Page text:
The current era (at least under present definitions), known as the Holocene, began about 11,700 years ago, and was marked by warming and large sea level rise coming out of a major cool period, the Younger Dryas. However, the researchers suggest, changes ranging from growing levels of carbon dioxide in the atmosphere to infusions of plastics into marine sediments suggest that we’ve now left the Holocene decisively behind — and that the proof is already being laid down in polar ice cores, deep ocean sediments, and future rocks themselves.
“In a way it’s a thought experiment,” said Naomi Oreskes, a geologically trained Harvard historian of science and one of the study’s authors. “We’re imagining what a future geologist will see when he or she looks at the rock record. But it’s not that difficult a thought experiment to do, because so many of these signals are already present.”
The paper was published Thursday in the journal Science and was led by Colin Waters, a geologist with the British Geological Survey.
“Quite unlike other subdivisions of geological time, the implication of formalizing the Anthropocene reach well beyond the geological community,” the authors conclude. “Not only would this represent the first instance of a new epoch having been witnessed firsthand by advanced human societies, it would be one stemming from the consequences of their own doing.”
It’s important to emphasize that the new study does not itself amount to a formal or official declaration of a new geologic epoch. Rather, the 24 authors are part of what is called the “Anthropocene Working Group,” convened by the University of Leicester’s Jan Zalasiewicz (the current paper’s second author) and organized under the Subcommission on Quaternary Stratigraphy, a scientific body that oversees geological definitions for the period spanning roughly the last 2.6 million years (the “Quaternary” period). That subcommission, in turn, is part of the broader International Commission on Stratigraphy, the body that would ultimately have to approve the authors’ suggestion if a new era is to be formalized.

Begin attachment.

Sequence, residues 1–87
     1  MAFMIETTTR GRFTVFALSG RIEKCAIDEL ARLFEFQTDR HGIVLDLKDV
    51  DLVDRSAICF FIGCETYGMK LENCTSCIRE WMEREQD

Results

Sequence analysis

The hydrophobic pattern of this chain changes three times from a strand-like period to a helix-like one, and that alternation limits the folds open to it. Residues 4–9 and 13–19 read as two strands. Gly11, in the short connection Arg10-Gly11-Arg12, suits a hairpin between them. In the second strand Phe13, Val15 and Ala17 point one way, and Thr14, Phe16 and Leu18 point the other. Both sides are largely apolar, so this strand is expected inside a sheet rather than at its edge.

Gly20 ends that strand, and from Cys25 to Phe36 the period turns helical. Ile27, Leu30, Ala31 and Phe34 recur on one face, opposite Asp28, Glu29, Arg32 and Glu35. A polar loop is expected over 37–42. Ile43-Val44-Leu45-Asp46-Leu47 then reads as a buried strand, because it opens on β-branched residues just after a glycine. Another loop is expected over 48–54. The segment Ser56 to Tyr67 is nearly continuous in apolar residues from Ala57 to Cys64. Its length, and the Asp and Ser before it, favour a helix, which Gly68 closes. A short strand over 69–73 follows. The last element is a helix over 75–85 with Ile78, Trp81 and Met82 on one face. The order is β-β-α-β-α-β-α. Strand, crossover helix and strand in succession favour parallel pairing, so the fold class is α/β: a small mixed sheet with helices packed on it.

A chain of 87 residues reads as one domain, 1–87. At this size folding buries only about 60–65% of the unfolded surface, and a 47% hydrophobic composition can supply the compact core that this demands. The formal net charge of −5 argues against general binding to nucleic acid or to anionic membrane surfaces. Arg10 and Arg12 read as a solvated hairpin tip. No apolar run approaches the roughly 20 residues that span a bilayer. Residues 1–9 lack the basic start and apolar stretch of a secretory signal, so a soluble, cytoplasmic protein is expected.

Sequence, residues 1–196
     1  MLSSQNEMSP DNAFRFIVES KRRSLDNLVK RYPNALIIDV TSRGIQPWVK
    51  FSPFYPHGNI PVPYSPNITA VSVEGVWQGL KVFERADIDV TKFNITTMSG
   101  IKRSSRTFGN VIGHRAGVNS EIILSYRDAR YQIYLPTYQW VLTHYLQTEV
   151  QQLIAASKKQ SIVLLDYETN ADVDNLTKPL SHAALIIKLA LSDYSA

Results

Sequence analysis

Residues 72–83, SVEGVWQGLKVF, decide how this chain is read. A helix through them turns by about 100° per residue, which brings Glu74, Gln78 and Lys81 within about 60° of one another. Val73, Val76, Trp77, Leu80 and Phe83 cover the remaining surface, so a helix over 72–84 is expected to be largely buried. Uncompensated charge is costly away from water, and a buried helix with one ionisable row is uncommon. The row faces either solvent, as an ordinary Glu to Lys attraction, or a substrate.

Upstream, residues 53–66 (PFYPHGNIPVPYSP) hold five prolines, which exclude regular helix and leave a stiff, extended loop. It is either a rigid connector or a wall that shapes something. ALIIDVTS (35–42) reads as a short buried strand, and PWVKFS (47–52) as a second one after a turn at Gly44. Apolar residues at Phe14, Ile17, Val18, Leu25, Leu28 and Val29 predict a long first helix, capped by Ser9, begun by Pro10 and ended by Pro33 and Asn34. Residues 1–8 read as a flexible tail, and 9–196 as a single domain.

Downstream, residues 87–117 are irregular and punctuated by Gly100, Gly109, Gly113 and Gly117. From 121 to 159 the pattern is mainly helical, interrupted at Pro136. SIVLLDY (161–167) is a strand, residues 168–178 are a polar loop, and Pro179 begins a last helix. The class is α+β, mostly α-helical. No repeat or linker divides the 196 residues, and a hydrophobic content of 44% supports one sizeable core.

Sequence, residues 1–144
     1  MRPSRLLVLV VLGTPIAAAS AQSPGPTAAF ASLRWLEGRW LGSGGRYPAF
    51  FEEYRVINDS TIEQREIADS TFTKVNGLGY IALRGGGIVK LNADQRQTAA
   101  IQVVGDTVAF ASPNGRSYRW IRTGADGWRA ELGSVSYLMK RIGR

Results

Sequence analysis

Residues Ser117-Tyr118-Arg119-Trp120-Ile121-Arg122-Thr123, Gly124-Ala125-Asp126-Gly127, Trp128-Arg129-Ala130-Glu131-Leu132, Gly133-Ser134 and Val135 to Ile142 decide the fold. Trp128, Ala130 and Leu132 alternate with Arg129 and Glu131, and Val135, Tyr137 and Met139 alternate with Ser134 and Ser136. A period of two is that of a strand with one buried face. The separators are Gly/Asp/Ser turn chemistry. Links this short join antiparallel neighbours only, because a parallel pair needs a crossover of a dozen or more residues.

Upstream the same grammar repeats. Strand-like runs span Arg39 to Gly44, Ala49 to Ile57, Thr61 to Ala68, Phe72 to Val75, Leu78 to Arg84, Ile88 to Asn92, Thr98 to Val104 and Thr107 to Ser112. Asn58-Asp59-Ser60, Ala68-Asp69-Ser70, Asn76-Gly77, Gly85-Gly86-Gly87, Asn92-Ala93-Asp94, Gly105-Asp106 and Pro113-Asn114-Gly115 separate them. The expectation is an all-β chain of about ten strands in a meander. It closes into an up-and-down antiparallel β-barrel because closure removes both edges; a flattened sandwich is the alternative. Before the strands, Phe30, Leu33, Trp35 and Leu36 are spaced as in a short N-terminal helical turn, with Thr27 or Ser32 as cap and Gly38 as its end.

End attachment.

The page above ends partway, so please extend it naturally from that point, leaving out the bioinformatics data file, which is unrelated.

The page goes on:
So the new paper certainly doesn’t mean geology textbooks will be rewritten — that would require numerous further scientific steps, and assent extending far beyond the current 24 authors. But it makes a strong case that they ought to be.
“The scale is incredible,” said Waters of the geological changes that the “Anthropocene” has brought on. But he also admits that defining a new epoch, even as we’re observing its beginning, is a rather tricky affair — and one that will inevitably be shaded not only by how we think in the present, but also by how generations in the far future think of us.
“I suppose it’s a bit like, if you were writing this article just at the start of the Holocene, and you’re finding that Washington, D.C., or New York no longer has an ice sheet across it, would you know what the repercussions of that would be in several thousand years’ time?” Waters asked.
The concept of the “Anthropocene” was originally suggested by Paul Crutzen, a Nobel Prize winning atmospheric chemist who is also part of the “Anthropocene Working Group,” in the year 2000. The term has always denoted a new era or epoch uniquely defined by humans’ large scale impact on the environment — but the precise time of its beginning has been variously defined.
After all, humans started deforesting vast landscapes, and causing species extinctions, thousands of years ago. The industrial revolution, meanwhile, began around 200 years ago and represented a major step in how we influence the environment and consume Earth’s materials — as well as the kickstart to global warming.
However, the new study homes in on the middle of the last century as the likely marker for when the geologic “Anthropocene” truly began. The authors suggest that around this time, a confluence of major trends — population explosion, new technological advances, and booming rates of consumption — triggered changes that will be unmistakable in geologic records.